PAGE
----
They say that because they (along with most other people) equate hidden variables with being deterministic and separable. I do too. But you don't, because you claim that the electrons are deterministic and separable while at the same time you reject hidden variables. You say the electrons must be separable because "action at a distance seems like hokum to you", but that's a misunderstanding, because lack of separability does not imply action at a distance. Everyone agrees that quantum mechanics does not entail any action at a distance, because no information or energy propagates faster than light. Nevertheless, the entangled parts of a quantum system are not separable, and this is precisely what the violations of Bell's inequality demonstrate. Classically the only way things could not be separable would be by action at a distance, but the weirdness of quantum mechanics is that things can be non-separable without implying any action at a distance. The non-separability is subtle, but it represents a profoundly non-classical aspect of the world.ReplyDelete
No, I say that local hidden variables are required for Bell's Theorem because that is an explicit mathematical requirement. That Wikipedia page quotes Bell himself, and says: "Bell concluded: 'In a theory in which parameters are added to quantum mechanics ...'" Those parameters are the hidden variables.ReplyDelete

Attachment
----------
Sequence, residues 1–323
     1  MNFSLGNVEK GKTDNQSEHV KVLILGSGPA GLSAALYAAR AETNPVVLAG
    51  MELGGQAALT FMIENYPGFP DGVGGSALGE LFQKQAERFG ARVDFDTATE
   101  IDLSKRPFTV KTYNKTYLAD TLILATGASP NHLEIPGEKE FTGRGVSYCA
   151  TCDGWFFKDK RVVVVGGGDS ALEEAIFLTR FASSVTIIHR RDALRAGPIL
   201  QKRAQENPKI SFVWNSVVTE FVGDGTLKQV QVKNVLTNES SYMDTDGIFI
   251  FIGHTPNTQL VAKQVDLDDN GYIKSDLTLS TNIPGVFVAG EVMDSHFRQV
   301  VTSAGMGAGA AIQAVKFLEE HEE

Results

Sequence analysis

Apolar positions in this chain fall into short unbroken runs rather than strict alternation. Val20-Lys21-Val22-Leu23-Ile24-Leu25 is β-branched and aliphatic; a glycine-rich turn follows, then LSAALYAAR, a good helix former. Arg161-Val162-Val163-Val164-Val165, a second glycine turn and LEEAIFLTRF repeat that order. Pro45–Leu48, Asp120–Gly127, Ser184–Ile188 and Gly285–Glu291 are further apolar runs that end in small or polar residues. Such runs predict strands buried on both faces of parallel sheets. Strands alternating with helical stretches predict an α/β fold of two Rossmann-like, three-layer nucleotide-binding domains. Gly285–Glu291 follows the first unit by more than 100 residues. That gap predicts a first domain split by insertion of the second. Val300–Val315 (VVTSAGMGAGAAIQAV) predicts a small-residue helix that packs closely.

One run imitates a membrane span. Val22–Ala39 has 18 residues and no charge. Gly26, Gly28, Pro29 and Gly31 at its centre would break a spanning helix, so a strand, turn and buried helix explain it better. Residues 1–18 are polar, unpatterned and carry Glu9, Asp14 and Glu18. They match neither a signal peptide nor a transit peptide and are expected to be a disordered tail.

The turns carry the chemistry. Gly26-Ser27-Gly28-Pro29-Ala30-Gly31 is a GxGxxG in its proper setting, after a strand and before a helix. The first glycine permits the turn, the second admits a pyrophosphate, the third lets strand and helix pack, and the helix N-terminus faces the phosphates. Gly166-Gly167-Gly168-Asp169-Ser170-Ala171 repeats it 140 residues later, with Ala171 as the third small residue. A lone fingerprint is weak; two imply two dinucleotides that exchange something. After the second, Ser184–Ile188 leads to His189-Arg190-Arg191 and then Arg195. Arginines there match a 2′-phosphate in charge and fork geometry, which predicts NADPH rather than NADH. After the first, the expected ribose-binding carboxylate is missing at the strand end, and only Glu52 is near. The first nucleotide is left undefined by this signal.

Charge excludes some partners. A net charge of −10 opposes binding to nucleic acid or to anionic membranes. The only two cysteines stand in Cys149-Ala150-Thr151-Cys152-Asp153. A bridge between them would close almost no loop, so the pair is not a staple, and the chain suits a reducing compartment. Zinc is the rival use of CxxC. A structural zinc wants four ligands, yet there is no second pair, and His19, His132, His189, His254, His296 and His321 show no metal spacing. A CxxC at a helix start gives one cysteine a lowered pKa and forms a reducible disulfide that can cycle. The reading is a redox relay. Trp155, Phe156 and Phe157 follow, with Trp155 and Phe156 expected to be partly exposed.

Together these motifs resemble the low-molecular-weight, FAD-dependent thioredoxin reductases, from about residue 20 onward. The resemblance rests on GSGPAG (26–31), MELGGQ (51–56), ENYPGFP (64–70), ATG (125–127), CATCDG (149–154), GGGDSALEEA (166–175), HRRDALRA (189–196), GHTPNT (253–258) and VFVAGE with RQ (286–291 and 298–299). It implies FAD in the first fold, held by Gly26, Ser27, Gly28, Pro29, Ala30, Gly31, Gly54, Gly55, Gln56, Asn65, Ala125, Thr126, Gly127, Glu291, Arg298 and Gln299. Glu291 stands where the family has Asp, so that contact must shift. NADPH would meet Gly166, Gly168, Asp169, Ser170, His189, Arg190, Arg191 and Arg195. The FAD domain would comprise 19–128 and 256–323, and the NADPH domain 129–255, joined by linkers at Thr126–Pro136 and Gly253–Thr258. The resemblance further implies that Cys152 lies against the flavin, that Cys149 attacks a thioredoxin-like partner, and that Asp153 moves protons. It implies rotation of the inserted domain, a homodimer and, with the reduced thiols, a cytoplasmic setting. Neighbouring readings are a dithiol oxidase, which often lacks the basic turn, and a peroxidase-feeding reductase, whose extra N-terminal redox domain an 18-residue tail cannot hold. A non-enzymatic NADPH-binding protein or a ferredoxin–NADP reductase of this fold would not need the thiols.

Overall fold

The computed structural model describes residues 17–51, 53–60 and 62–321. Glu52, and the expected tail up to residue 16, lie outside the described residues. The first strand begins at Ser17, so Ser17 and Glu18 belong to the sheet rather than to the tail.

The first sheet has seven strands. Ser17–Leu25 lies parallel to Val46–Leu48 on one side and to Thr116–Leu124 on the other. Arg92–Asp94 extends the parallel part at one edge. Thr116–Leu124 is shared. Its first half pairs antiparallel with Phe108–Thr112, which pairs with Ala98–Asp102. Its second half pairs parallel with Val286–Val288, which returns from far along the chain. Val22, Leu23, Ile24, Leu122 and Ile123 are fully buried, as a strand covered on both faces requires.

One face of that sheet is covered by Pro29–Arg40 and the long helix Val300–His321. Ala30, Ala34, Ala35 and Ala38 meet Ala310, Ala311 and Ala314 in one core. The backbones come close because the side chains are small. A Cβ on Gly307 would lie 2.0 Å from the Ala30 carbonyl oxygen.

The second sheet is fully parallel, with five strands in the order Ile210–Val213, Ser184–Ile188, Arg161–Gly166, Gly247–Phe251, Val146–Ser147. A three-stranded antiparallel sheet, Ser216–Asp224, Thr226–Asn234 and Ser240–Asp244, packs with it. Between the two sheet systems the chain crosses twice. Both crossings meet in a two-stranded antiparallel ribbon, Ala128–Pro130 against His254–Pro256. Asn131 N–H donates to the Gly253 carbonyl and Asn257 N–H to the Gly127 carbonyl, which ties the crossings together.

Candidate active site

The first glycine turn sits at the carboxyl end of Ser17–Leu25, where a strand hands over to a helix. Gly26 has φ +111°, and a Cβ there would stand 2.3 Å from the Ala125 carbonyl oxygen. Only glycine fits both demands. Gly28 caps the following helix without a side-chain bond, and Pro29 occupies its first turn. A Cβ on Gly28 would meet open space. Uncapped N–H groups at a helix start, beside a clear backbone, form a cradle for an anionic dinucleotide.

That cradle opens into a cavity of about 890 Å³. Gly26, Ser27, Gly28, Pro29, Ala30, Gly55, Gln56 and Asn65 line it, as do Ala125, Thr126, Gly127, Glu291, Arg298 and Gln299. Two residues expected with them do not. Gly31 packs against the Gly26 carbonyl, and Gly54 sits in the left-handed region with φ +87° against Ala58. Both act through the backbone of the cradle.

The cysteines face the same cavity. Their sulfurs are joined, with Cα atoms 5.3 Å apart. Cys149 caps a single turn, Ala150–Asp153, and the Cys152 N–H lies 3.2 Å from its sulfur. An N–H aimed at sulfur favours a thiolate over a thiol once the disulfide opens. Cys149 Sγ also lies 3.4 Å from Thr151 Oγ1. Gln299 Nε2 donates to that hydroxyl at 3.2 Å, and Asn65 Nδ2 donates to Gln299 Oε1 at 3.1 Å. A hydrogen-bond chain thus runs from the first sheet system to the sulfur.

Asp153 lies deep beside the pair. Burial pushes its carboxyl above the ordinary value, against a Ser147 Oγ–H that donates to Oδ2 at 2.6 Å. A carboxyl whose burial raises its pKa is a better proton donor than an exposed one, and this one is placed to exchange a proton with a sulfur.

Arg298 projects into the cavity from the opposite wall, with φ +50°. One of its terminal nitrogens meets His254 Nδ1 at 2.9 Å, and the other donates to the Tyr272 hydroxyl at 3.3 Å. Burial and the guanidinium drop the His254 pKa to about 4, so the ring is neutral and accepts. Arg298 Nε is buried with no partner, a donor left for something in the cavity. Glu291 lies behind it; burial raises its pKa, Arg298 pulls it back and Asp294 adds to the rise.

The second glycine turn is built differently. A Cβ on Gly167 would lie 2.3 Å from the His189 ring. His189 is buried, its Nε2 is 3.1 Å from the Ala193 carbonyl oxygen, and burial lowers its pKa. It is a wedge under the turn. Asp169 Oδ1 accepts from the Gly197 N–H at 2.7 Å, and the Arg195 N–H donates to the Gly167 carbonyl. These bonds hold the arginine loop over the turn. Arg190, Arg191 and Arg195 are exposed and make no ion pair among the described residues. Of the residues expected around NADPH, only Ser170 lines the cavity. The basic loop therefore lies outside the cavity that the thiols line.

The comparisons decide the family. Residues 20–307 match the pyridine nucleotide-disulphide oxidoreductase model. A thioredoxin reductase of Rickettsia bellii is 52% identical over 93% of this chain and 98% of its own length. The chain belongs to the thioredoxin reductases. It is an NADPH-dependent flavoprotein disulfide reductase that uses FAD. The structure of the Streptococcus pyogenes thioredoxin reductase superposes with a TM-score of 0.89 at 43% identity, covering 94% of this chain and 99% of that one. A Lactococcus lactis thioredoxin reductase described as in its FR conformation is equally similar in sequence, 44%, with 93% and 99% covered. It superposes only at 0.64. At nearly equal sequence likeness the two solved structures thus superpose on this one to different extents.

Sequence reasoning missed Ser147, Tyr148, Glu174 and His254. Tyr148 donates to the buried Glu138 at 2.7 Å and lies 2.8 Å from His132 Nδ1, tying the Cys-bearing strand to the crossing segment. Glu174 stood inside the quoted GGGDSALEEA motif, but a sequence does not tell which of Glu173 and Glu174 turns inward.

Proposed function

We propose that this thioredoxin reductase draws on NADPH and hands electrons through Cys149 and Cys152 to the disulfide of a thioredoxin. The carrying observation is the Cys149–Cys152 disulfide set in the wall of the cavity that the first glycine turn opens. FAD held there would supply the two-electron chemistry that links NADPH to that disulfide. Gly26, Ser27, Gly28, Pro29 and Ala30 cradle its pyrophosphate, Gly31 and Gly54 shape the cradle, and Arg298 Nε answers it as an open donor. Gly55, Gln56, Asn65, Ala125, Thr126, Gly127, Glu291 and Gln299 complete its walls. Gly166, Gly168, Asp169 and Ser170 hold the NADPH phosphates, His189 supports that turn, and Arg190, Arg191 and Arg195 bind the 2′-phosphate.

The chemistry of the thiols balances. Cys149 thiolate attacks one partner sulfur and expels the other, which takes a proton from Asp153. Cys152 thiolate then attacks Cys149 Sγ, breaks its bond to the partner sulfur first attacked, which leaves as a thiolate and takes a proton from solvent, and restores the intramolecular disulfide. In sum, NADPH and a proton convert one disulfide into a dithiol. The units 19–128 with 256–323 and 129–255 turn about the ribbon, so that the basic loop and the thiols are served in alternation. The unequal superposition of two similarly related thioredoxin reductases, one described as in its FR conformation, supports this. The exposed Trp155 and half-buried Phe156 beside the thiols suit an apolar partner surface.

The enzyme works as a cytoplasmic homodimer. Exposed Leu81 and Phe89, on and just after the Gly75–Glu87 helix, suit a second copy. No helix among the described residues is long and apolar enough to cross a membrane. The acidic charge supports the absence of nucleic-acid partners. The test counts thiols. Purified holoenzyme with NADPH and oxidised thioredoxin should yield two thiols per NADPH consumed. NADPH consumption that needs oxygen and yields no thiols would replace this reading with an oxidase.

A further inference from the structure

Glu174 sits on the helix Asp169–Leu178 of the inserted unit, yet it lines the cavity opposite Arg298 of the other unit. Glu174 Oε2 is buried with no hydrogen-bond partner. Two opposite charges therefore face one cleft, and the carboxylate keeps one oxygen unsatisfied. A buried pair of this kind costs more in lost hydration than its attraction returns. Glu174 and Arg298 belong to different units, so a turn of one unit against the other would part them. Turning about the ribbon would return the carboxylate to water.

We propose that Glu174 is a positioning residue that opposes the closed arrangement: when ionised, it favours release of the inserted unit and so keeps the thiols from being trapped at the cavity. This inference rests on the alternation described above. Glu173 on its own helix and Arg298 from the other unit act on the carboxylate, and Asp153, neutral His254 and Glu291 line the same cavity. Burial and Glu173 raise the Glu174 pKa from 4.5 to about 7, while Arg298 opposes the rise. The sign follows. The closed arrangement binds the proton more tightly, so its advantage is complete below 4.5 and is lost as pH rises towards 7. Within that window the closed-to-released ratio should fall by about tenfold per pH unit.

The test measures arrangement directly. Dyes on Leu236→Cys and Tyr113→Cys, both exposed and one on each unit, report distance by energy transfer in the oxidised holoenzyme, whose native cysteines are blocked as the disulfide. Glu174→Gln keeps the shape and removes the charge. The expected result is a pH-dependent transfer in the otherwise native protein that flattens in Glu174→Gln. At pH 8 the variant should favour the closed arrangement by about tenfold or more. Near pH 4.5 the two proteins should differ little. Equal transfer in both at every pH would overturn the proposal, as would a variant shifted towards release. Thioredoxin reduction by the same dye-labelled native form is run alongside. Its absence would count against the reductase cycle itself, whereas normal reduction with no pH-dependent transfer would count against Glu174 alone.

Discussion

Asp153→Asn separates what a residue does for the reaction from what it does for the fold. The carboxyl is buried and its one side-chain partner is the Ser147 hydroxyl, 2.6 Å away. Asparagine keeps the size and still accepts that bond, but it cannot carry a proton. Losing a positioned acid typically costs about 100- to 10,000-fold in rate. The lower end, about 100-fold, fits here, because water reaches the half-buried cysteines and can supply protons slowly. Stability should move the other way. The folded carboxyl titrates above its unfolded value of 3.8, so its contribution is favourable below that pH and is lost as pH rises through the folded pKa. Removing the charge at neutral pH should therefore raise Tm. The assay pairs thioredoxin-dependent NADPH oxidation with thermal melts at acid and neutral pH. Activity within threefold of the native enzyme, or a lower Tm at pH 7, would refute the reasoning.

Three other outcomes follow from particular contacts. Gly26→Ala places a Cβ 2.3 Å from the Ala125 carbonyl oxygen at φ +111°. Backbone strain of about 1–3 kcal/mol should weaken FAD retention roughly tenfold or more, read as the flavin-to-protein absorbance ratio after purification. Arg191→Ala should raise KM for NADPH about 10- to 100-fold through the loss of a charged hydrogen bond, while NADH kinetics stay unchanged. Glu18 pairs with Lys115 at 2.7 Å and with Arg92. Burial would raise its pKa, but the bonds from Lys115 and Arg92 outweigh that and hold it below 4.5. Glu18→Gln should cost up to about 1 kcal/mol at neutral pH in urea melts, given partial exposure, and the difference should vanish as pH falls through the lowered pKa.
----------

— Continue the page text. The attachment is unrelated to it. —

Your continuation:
You say: "Everyone agrees that quantum mechanics does not entail any action at a distance ..."
That used to be true, but as I quoted from the book review: "In his book, George lays out how the attitude of scientists towards nonlocality has gone from acceptance to rejection and makes a case that now the pendulum is swinging back to acceptance again. I think he is right that this is the current trend (thus the workshop)."
Even Krauss says: "the second electron is affected by the measurement of the first electron with no time delay".
So yes, mainstream physicists have gone soft on this issue.
Let me try to say clearly what I mean. Bell's inequality can be (and is) derived from the assumptions of determinism and separability. You claimed that electrons are deterministic and separable. Therefore, so I say that the demonstrated violations of Bell's inequality prove that your claim is wrong. To counter this, you say "No, Bell's inequality is based on hidden variables, which I reject", so your belief in determinism and separability is unscathed by the violations of Bell's inequality. But I see this as a non-sequitur and self-contradictory evasion, because "hidden variables theory" is really just a historical term for theories that satisfy determinism and separability. I challenge your claim that electrons are deterministic and separable. I say these are precisely the attributes of a hidden variable theory that are used in the derivation of Bell's inequality.ReplyDelete